On April 9, 2018, new impaired driving laws came into effect in Alberta that all drivers should be made aware of. According to the Government of Alberta, these laws have been put in place to set time limits for licence suspensions as well as prepare the province for the legalization of marijuana. The third reading of the federal Cannabis Act – currently before Senate – will occur no later than June 7, 2018, and will almost assuredly result in the ability to legally produce and sell regulated and quality-controlled cannabis in an effort to keep organized crime from continuing to profit off of the market.
Provinces have advised the federal government they will need from eight to 12 weeks after Royal Assent for the Cannabis Act in order to adapt. The province’s new impaired driving laws mark a first step in that process, although drivers should expect some additional changes to come with regards to consuming cannabis and getting behind the wheel. Remember, as of right now, although it has been decriminalized, unless you have a prescription the use of marijuana is still illegal.
What Happened on April 9?
Alterations to the previous impaired driving legislation came about because of a decision by the Alberta Court of Appeal in May 2017 that ruled the indefinite suspension of licences until court dates to be unconstitutional.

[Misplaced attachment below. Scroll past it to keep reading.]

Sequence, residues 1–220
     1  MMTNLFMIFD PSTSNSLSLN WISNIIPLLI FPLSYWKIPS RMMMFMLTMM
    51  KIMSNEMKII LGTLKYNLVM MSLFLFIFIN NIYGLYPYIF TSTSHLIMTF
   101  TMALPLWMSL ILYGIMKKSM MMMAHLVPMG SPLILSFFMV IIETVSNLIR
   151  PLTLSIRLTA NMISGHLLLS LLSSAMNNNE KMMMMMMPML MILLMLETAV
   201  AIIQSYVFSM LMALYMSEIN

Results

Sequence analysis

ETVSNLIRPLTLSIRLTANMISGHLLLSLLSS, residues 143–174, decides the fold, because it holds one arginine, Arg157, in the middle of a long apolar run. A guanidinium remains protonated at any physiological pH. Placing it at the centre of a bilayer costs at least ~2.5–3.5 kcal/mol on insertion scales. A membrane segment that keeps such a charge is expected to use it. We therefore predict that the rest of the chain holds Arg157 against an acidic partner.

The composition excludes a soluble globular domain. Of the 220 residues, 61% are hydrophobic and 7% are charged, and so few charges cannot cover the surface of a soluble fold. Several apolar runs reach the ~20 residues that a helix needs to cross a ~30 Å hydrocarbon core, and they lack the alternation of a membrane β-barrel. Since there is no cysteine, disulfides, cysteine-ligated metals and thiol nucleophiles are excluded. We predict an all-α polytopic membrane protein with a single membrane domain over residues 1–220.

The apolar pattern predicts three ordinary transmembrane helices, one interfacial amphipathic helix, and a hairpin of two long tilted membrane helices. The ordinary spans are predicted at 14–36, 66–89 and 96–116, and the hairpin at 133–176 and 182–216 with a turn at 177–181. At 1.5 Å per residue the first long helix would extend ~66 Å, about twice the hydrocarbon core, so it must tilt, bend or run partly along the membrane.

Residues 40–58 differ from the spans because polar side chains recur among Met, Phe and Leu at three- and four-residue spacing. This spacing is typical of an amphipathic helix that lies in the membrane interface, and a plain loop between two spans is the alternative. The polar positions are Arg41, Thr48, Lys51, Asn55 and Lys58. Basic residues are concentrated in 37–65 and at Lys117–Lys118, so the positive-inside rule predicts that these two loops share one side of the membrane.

According to the Alberta government’s website, the two major changes that were implemented April 9 are:
- There will be zero-tolerance for cannabis or any illegal drugs in the systems of graduated drivers licence (GDL) vehicle operators. There is already zero tolerance for alcohol.
- Criminally impaired drivers will face an immediate 90-day suspension of their licence and immediate three-day seizure of their vehicle. They will also be required to take part in a one-year ignition interlock program as well as mandatory remedial education
Penalties are high for GDL drivers who are found to have violated the law. Driving under the influence of marijuana is now considered the same as driving under the influence of alcohol, and can seriously jeopardize chances of becoming fully licenced. If found to have any alcohol or drugs in their systems, GDL drivers will be subject to an immediate 30-day licence suspension, a seven-day seizure of their vehicle and be required to remain in the GDL program for two years, with at least one year of suspension-free driving.
What’s the Difference Between Criminally Impaired and Impaired?
A non-GDL driver who is caught operating a vehicle with an alcohol level of 0.05 to 0.08 is technically a non-criminally impaired driver. They cannot be charged under the Criminal Code of Canada, but are subject to immediate and severe penalties, which increase with repeat offences.
From the Transportation Alberta website, non-criminally impaired drivers face the following consequences:
- 1st offence – Immediate 3-day Driver’s Licence Suspension and 3-day vehicle seizure.
- 2nd offence – Immediate 15-day Driver’s Licence Suspension, 7-day vehicle seizure, and completion of the “Planning Ahead” Course.
- 3rd offence – Immediate 30-day Driver’s Licence Suspension, 7-day vehicle seizure, and completion of the “IMPACT” Program.